Uladzimir Siuchykau's essay "The Sweet Word of Freedom!" published in the compilation "Night Notes". Appendix "Literary Belarus" No. 4 (92) in the newspaper "Novy Chas". 25 April 2014 / No. 16 (385).[49]

Uladzimir Niakliayeu’s poem "Rymtseli" dedicated to the 50th anniversary of human rights defender Ales Bialiatski.[50]

Siarzhuk Sys's poem "To Ales Bialiatski".[51]

Mikhas Skobla's essay "A Letter to Ales Bialiatski".[52]

Feature film "Vyshe Neba" ("Above the Sky", directed by Dmitry Marinin and Andrey Kureychik, 2012) features an episode depicting Ales Bialiatski's arrest shown in the news of the TV channel Belarus-1 (56th minute).[53]

Documentary "Ales Bialiatski’s Candle of Truth" (written by Palina Stsepanenka, 2011, Belarus).[54]

Documentary "Spring" (directed by Volha Shved, 2012, Belarus).[55]

Documentary "A Heart That Never Dies" (directed by Erling Borgen, 2015, Norway).[56]

Documentary "1,050 days of Solitude" (director Aleh Dashkevich, 2014 Belarus).[57]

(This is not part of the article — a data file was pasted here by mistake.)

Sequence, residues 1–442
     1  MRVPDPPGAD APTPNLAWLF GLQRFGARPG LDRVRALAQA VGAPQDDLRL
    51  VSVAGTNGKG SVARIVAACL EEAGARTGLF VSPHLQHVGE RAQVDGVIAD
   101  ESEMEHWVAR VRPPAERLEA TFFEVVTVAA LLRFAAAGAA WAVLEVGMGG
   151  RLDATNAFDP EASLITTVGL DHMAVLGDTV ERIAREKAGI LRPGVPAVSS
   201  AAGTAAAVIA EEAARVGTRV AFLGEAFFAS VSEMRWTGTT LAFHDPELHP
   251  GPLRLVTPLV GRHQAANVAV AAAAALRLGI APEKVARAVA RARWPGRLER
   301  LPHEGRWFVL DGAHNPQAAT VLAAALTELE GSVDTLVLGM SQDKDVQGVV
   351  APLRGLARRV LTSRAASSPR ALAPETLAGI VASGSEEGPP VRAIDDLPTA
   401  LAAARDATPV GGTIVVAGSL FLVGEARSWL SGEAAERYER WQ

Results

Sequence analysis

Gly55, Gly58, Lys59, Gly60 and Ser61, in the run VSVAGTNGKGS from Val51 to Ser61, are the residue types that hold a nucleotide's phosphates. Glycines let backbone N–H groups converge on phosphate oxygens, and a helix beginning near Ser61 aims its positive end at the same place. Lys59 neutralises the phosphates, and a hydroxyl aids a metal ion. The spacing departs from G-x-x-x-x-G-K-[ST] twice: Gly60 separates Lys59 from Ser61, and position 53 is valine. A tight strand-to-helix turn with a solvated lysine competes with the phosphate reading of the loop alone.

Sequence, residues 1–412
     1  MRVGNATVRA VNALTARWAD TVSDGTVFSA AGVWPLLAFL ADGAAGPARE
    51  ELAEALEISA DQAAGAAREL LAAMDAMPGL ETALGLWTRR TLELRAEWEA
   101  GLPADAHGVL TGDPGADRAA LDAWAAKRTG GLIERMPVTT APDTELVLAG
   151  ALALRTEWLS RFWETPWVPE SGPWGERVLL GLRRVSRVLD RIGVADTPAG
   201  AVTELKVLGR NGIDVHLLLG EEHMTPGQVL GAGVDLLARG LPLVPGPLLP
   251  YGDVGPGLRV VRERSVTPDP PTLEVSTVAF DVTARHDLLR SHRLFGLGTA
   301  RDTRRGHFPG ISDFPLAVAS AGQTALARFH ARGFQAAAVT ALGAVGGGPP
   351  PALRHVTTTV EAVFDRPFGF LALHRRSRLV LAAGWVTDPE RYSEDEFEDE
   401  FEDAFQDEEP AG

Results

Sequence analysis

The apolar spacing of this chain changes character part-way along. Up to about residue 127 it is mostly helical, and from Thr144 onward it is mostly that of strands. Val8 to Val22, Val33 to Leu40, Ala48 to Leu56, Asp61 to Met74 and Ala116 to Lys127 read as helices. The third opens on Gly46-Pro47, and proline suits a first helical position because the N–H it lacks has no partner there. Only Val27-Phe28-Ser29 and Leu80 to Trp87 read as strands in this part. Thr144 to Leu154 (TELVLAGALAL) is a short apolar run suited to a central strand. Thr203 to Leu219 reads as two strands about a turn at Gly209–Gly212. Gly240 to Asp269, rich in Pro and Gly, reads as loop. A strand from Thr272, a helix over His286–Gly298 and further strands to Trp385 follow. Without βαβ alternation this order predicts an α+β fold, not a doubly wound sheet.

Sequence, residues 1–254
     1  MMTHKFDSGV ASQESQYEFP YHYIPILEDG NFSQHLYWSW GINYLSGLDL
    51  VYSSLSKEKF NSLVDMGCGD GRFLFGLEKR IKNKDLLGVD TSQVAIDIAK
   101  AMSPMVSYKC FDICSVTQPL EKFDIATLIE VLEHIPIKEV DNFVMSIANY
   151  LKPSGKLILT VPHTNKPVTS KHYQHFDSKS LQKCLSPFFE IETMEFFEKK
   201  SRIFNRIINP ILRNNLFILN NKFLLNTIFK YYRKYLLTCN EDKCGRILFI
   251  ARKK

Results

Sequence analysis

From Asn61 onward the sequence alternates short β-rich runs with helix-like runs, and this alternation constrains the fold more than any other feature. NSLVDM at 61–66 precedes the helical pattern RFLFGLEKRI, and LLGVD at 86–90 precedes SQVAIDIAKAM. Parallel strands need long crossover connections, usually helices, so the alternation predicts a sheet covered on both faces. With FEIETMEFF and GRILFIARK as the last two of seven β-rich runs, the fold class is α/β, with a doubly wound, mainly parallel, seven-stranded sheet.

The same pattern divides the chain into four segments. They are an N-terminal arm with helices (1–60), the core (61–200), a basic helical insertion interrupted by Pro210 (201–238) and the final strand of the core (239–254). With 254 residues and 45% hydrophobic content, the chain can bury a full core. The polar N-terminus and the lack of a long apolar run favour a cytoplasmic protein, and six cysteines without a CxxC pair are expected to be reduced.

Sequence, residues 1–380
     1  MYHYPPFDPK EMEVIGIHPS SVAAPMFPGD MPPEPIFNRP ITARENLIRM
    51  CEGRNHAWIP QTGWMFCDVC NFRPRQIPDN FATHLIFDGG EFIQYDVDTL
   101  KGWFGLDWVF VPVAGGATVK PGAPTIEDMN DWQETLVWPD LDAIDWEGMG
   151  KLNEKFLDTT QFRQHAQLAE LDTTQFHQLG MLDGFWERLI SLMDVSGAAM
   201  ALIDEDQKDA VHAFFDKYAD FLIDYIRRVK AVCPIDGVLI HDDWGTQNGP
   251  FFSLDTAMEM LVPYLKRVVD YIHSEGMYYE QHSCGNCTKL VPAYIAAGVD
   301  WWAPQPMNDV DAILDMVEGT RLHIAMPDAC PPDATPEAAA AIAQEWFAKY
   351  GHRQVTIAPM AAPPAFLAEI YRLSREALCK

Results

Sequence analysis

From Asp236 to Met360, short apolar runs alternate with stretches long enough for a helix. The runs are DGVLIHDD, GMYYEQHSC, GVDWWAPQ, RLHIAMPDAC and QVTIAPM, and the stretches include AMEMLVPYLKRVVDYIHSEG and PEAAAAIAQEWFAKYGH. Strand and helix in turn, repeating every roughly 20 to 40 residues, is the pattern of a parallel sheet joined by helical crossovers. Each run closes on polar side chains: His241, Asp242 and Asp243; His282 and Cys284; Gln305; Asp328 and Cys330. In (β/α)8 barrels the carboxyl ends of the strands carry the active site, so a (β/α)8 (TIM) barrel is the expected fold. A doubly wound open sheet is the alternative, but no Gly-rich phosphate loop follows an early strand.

Artist Ai Weiwei constructed Ales Bialiatski's portrait from Lego bricks. The work was displayed at the exhibition "Next" in the Hirshhorn Museum in Washington, DC.[58]


Personal life

Ales Bialiatski is married to Natallia Pinchuk. They met in 1982 when Ales was a student of Francishak Skaryna Homiel State University and Nataliia studied in the pedagogical college in Lojeu. The couple married in 1987. Ales Bialiatski has a son named Adam.[citation needed] He is a practising Roman Catholic.[65]

During his university years, Bialiatski played bass guitar in a band called Baski. He has stated that his two major hobbies now are mushroom hunting and planting flowers. He generally speaks the Belarusian language.[citation needed]


  1. ^ Alternatively transliterated as Ales Bialacki, Ales Byalyatski, Alies Bialiacki, and Alex Belyatsky


  1. ^ "Ales Bialiatski: Nobel Prize-winning activist sentenced to 10 years in jail". BBC News. 3 March 2023. Retrieved 3 March 2023.
  2. ^ a b c d A. Tamkovich (2014) Contemporary History in Faces. р.165-173. ББК 84 УДК 823 Т 65 Tamkovich (2014) Press release, Human Rights House Foundation
  3. ^ "Nobel Peace Prize: Who is Ales Bialiatski?". BBC News. 7 October 2022. Archived from the original on 7 October 2022. Retrieved 7 October 2022.
  4. ^ "About Viasna". Viasna Human Rights Centre. Retrieved 17 November 2022.
  5. ^ "Ales Bialiatski reelected FIDH Vice-President". 29 May 2013. Retrieved 3 March 2023.
  6. ^ "Ales Bialiatski: Two years since politically motivated verdict". 25 November 2013. Retrieved 3 March 2023.
  7. ^ "The Norwegian Helsinki Committee demands the immediate release of Ales Bialiatski". 10 August 2011. Retrieved 3 March 2023.
  8. ^ "Results of monitoring of trial of Ales Bialiatski". 9 February 2012. Retrieved 3 March 2023.